# Transitive reduction

reduction :: Ord i => G v i -> G v i Source #

Transitive reduction.

Smallest graph, such that if there is a path from u to v in the original graph, then there is also such a path in the reduction.

The green edges are not in the transitive reduction:

>>> runG example $\g -> adjacencyList$ reduction g
Right [('a',"bx"),('b',"d"),('d',"e"),('e',""),('x',"d")]


Taking closure first doesn't matter:

>>> runG example $\g -> adjacencyList$ reduction $closure g Right [('a',"bx"),('b',"d"),('d',"e"),('e',""),('x',"d")]  # Transitive closure closure :: Ord i => G v i -> G v i Source # Transitive closure. A graph, such that if there is a path from u to v in the original graph, then there is an edge from u to v in the closure. The purple edge is added in a closure: >>> runG example$ \g -> adjacencyList $closure g Right [('a',"bdex"),('b',"de"),('d',"e"),('e',""),('x',"de")]  Taking reduction first, doesn't matter: >>> runG example$ \g -> adjacencyList $closure$ reduction g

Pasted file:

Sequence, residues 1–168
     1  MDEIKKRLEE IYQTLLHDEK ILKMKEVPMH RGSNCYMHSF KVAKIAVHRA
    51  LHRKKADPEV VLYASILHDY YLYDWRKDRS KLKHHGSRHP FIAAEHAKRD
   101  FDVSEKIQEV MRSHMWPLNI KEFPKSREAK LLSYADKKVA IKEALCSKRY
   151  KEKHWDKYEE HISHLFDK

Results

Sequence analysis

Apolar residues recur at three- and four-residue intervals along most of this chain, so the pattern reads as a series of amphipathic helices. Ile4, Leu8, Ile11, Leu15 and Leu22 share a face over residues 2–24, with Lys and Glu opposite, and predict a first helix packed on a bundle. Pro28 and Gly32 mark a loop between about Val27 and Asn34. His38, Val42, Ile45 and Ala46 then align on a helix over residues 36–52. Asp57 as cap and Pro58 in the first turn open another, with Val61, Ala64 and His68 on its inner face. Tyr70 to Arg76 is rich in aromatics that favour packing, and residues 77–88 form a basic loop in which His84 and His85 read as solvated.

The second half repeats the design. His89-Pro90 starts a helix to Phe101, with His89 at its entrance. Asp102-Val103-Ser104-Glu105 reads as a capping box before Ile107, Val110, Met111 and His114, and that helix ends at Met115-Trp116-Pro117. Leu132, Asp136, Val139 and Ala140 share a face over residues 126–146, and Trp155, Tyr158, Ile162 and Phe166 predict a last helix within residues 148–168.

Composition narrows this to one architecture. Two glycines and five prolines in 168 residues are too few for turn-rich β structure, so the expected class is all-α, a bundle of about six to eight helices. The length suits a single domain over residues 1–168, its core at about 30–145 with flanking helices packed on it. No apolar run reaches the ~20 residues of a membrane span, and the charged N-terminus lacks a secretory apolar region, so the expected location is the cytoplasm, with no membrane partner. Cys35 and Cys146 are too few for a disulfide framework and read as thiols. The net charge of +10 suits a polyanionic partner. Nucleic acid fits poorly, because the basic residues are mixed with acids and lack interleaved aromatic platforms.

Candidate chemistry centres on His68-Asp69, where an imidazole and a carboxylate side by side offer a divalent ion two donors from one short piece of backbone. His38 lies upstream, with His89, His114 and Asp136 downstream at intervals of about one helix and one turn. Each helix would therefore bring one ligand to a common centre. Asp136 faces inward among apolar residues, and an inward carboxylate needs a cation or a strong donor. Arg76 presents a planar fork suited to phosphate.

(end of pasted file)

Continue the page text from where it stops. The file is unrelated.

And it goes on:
Right [('a',"bdex"),('b',"de"),('d',"e"),('e',""),('x',"de")]


# DFS

dfs :: forall v i. Ord i => G v i -> i -> [[i]] Source #

Depth-first paths starting at a vertex.

>>> runG example $\g@G{..} -> fmap3 gFromVertex$ dfs g <$> gToVertex 'x' Right (Just ["xde","xe"])  dfsTree :: forall v i. Ord i => G v i -> i -> Tree i Source # like dfs but returns a Tree. >>> traverse2_ dispTree$ runG example $\g@G{..} -> fmap2 gFromVertex$ dfsTree g <$> gToVertex 'x' 'x' 'd' 'e' 'e'  # All paths allPaths :: forall v i. Ord i => G v i -> i -> i -> [[i]] Source # All paths from a to b. Note that every path has at least 2 elements, start and end. Use allPaths' for the intermediate steps only. See dfs, which returns all paths starting at some vertice. This function returns paths with specified start and end vertices. >>> runG example$ \g@G{..} -> fmap3 gFromVertex $allPaths g <$> gToVertex 'a' <*> gToVertex 'e'
Right (Just ["axde","axe","abde","ade","ae"])